This is a lot for one night, so I'll leave it there and go to sleep now. Some Pride, more laughing foolishness, and my second encounter with Ma coming up soon. Hopefully it won't take three more weeks for me to post again, but I'm making no promises. This is a crazy place, and it took a lot of false starts to write anything.

You are loved by the Universe. Isn't that wonderful?

Yotam

3 comments:

  1. I laughed and cried a little while reading this. I'm so thankful for you that you were able to feel God and all that goodness. I'm joyous for you.

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  2. "You are loved by the Universe. Isn't that wonderful?"

    Yes it is! Happy to read this post and looking forward to more, whenever it feels right to write.

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  3. i love every part of this entry, and all of it together.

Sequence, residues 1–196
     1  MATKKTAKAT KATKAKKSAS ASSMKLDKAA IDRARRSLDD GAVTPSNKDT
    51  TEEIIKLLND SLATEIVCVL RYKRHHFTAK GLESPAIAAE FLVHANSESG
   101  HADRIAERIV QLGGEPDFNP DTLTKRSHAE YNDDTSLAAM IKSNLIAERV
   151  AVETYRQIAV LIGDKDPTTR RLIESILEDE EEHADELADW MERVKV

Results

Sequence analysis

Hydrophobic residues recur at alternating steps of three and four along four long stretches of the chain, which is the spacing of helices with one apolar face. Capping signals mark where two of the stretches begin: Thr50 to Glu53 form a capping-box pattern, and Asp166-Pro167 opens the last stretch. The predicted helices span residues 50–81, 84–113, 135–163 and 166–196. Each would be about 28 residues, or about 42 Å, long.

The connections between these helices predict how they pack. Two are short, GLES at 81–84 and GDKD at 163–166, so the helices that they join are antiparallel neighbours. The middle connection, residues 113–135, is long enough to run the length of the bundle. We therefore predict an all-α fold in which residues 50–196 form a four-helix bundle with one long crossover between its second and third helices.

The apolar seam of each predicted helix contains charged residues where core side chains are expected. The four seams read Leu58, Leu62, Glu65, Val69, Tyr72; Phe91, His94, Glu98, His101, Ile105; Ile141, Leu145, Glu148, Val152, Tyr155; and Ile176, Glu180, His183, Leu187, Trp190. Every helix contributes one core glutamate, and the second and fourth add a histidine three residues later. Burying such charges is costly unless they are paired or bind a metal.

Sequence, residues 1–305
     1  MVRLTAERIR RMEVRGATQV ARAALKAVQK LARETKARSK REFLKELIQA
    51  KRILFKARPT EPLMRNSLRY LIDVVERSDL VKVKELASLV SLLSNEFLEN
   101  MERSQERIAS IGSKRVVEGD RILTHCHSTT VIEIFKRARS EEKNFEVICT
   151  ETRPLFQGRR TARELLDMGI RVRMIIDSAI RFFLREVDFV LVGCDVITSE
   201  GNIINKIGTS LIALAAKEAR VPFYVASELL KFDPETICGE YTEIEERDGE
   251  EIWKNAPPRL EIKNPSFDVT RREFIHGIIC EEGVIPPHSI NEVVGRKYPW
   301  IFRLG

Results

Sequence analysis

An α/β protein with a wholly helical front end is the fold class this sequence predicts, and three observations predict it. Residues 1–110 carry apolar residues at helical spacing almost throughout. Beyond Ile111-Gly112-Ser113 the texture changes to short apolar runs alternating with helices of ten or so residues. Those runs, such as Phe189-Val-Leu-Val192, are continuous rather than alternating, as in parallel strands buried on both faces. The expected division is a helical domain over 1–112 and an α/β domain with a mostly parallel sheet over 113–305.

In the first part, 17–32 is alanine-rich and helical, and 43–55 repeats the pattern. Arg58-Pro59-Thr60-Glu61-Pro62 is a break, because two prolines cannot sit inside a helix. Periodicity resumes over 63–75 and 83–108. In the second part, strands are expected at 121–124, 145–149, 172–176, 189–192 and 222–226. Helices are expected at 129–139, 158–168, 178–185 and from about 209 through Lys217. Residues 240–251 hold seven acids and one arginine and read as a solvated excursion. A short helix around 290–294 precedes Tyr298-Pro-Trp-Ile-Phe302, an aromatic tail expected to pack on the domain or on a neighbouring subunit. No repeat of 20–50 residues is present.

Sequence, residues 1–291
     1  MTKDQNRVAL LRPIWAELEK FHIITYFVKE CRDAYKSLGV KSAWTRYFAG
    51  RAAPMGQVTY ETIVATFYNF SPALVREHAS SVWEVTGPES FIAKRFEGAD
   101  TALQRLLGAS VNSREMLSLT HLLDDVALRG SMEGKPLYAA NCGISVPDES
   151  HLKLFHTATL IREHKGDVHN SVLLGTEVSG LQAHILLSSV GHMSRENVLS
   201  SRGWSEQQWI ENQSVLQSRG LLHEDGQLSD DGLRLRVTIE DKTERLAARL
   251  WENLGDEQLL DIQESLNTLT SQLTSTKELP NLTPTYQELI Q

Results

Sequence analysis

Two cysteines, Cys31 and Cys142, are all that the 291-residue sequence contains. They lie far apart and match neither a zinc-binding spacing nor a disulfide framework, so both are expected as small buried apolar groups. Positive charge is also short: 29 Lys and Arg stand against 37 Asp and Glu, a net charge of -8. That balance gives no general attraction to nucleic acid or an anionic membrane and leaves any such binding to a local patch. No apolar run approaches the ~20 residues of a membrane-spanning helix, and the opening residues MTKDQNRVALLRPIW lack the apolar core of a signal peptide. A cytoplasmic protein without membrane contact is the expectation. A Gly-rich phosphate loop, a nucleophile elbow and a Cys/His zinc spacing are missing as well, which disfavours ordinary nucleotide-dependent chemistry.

if i had read this before i saw you this past weekend... i would have missed my flight for sure.

    this doesn't sound like real life -- i am in awe of you for finding it, doing it, the progress you're already making, and all the progress you will make.

    turning you into a "laughing fool" is especially striking... i won't look too hard at the "fool" part because a foolish yotam is just too hard to fathom. making you even more a laugher -- wow. that will be something.